One of the ways Taylor still differed from Whitaker and the rest of the FBI was his point of view. They could never break out of the cop mindset, fixed on the specifics they needed to close a case. Taylor believed that was short-sighted. One of the reasons why he’d been successful was that he treated an investigation the same way he’d been trained to tackle a mission back in the service. It was important to gather all the intel and get the most complete picture of a situation before moving. In investigations, that meant not just knowing what a suspect was doing and why they were doing it but understanding why the suspect thought they did something. Seeing a situation from their point of view could help him anticipate them in the future.
“Could you just start at the beginning and go through what you know about Peter?”
“I mean, I can’t tell you a lot. I heard from him off and on, but there were years in between. We weren’t friends.”
“Okay,” Taylor said, changing tracks. “You said he was studying theology? Did he graduate?”
“No. He dropped out shortly after nine-eleven. He’d been really affected by it. In hindsight, that should have been one of the first clues of his mental troubles.”
“Why? A lot of people enlisted after nine-eleven. I knew a bunch of guys who dropped out of college to join up. What made it different?”
“He had ... ideas about the attack. He wasn’t explicit, but he’d make comments about knowing who was ‘really’ behind the attacks. I didn’t think much of it at the time, but from things he’s said over the years, I think that’s the first time he started with his ... obsession.”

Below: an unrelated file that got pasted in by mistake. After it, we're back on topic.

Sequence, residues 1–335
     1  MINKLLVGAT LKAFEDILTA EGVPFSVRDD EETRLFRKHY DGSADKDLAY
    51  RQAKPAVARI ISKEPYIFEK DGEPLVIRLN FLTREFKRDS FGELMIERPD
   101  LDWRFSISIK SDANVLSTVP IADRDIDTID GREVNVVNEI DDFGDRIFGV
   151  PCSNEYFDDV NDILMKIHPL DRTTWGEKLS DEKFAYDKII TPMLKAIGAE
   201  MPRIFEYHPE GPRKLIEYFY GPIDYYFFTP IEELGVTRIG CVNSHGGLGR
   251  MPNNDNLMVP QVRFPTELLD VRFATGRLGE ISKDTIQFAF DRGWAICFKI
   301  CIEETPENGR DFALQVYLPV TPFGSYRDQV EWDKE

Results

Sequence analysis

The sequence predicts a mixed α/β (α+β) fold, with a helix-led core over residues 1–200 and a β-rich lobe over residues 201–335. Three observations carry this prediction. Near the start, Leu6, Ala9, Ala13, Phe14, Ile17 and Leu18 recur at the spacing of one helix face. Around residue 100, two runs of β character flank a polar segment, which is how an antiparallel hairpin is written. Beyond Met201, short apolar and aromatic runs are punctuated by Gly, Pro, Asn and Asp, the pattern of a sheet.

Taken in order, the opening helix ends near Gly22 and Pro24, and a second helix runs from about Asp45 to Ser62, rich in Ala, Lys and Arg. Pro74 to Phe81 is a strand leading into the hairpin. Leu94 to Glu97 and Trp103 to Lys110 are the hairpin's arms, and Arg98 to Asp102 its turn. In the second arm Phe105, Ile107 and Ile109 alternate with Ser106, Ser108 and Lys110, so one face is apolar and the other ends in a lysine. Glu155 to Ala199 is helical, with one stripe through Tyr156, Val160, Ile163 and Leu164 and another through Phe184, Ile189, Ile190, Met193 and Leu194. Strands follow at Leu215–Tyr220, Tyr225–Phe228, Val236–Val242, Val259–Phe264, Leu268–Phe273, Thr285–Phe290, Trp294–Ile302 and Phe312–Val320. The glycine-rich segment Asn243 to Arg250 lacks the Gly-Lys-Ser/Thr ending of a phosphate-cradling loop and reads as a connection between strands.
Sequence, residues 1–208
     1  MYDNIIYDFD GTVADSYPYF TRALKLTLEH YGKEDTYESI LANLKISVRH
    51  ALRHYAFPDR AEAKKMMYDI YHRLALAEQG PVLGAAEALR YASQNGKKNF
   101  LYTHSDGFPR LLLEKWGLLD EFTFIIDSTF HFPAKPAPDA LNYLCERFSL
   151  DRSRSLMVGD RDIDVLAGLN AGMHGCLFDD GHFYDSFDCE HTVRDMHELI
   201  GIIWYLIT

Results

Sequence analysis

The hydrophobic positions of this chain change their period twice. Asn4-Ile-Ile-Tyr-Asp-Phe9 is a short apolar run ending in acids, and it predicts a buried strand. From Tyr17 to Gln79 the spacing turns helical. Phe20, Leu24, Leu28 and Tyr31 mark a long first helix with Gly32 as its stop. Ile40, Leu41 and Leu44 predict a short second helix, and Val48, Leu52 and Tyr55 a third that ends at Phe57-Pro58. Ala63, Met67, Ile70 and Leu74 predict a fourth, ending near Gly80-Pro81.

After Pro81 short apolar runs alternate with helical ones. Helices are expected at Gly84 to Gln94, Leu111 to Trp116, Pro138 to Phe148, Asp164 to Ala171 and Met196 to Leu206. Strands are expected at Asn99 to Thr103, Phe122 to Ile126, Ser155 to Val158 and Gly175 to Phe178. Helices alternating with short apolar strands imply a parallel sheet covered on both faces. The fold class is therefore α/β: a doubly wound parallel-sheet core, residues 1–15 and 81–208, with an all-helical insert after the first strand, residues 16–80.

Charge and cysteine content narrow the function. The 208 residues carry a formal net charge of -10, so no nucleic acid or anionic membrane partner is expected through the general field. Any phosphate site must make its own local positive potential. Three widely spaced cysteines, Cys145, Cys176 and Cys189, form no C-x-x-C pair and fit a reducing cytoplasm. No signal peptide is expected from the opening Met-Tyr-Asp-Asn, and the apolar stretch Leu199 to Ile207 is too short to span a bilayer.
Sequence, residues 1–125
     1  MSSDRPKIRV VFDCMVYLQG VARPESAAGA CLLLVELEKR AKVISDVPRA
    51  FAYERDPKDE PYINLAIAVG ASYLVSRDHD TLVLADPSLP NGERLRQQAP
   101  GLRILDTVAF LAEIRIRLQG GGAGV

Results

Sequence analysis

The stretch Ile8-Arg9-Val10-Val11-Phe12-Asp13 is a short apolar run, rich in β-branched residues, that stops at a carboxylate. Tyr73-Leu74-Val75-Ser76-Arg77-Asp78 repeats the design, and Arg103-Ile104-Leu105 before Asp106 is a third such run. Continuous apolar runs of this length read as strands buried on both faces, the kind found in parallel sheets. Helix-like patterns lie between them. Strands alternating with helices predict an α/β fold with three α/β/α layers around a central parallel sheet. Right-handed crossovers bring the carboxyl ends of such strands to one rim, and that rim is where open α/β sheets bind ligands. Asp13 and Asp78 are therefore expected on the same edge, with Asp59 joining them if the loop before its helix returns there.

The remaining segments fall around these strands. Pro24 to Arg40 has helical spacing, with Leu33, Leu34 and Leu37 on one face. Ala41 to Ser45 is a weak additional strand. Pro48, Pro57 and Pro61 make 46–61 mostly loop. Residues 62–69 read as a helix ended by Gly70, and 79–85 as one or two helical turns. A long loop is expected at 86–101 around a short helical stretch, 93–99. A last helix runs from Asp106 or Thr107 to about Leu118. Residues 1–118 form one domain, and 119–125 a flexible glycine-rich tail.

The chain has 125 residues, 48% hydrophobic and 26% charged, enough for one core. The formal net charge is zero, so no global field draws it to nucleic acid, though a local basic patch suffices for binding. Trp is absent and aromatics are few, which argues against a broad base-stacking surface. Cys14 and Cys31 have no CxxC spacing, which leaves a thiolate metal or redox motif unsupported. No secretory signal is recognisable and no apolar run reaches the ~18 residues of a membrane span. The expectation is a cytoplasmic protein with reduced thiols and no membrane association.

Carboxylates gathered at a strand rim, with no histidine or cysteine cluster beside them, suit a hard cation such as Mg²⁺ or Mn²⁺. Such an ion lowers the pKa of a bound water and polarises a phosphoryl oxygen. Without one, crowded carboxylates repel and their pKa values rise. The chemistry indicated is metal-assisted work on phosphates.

“What was his obsession?”
“I’m not a psychiatrist, so I can only tell you about what I’ve seen, but I think that it started as a genuine curiosity about early heretical cults expelled from the church. He was fascinated by all of them, but eventually, he locked in on the Simonians and Ennoians. Neither is well documented, but he read everything he could and even called on some scholars in the field to ask questions.”
“We were given your name by Professor Detmer at Georgetown, who told us that a group called the Ennoians believed that the mother of the angels, or something, was going to bring about Revelations,” Whitaker said.